Indigenous author Vyacheslav Shadrin and Tero Mustonen summarize 15 years of climate change work and Indigenous knowledge in NE Siberian watershed of Alazeya River. The peer reviewed paper is released today in the Arctic.
One of the most remote Arctic locations, Andryushkino village of Yukaghir and Even peoples is located on the shore of the river Alazeya in northeastern Siberia, in the Lower Kolyma Republic of Sakha-Yakutia, Russia. The community is at the nexus of large-scale Arctic social and climate change resulting from economic shifts, permafrost melt events, and high temperatures. In this study, we approach Indigenous knowledge of climate impacts to water by investigating the role of the river Alazeya, which has enabled human life to thrive, given rise to the Indigenous governance of landscapes in the past, and today serves most of the Indigenous peoples in the region for their culture, food security, and well-being.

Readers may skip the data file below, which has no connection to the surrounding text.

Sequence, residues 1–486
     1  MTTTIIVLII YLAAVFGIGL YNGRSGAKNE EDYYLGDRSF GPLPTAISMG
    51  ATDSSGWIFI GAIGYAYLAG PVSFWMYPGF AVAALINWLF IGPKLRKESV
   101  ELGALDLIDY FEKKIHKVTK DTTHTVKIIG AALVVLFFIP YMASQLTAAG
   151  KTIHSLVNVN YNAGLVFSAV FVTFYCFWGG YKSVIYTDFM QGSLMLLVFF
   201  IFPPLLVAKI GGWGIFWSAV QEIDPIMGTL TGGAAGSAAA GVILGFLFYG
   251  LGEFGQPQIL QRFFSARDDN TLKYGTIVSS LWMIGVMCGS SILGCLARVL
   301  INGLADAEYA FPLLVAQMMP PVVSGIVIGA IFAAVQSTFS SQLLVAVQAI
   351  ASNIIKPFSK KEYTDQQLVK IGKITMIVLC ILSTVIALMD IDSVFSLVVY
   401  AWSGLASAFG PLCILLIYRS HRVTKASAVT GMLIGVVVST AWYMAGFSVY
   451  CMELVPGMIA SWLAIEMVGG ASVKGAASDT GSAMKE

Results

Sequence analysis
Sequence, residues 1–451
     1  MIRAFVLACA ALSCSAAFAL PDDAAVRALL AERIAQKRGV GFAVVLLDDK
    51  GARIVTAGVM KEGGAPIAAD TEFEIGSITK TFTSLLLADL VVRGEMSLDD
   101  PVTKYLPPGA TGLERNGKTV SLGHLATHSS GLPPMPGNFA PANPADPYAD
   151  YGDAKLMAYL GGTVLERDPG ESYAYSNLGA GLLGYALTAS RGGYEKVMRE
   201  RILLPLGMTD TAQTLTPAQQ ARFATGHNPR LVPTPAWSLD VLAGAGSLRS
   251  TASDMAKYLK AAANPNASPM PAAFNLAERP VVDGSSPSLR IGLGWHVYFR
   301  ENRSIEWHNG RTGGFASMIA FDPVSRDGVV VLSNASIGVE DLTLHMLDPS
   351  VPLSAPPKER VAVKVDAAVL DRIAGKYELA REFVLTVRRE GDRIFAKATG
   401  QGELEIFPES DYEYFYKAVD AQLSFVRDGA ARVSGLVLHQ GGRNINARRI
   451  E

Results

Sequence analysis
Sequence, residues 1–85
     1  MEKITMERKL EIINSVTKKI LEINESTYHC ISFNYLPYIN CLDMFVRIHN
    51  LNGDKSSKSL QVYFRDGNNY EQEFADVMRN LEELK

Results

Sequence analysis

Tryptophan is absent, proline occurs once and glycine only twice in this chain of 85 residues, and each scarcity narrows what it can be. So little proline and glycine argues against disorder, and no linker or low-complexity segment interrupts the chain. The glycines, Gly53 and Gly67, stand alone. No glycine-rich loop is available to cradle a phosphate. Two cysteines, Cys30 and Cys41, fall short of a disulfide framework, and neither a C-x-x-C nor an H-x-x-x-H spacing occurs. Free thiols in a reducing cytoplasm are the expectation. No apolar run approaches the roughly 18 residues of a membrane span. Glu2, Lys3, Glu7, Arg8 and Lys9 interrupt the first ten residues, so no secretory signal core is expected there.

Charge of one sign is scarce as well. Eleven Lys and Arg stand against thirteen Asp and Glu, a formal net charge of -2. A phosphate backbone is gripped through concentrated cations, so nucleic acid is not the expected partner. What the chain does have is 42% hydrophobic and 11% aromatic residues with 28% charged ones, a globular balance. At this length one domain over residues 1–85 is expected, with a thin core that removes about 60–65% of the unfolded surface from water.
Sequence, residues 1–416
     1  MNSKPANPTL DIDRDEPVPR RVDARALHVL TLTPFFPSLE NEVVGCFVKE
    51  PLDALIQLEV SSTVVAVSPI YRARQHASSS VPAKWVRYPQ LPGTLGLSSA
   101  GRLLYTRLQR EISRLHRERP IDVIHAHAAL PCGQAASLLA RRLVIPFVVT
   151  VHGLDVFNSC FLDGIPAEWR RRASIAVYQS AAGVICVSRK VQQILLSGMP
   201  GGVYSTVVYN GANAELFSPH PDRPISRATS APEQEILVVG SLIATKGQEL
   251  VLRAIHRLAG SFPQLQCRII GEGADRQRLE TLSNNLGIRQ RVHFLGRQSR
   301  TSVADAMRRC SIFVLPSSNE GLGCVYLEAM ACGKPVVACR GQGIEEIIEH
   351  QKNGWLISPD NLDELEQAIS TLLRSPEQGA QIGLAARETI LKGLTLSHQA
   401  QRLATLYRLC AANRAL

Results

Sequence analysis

To do this, we offer an ambitious system-change analysis of the socio-ecological context of the river basin and community by exploring oral histories recorded in the community between 2005 and 2020, combining them with relevant scientific literature and weather data from Russian measurement stations to detect and point to key messages of impacts. Our results confirm that the speed and extent of climate warming have increased since 1985. The flood event of 2007 in the village has especially been seen as a major climate change-induced catastrophe. We focus on the drivers of change from local history to present. We also investigate alternatives for future development of resilience and support for the Yukaghir culture, traditional ways of life, and language.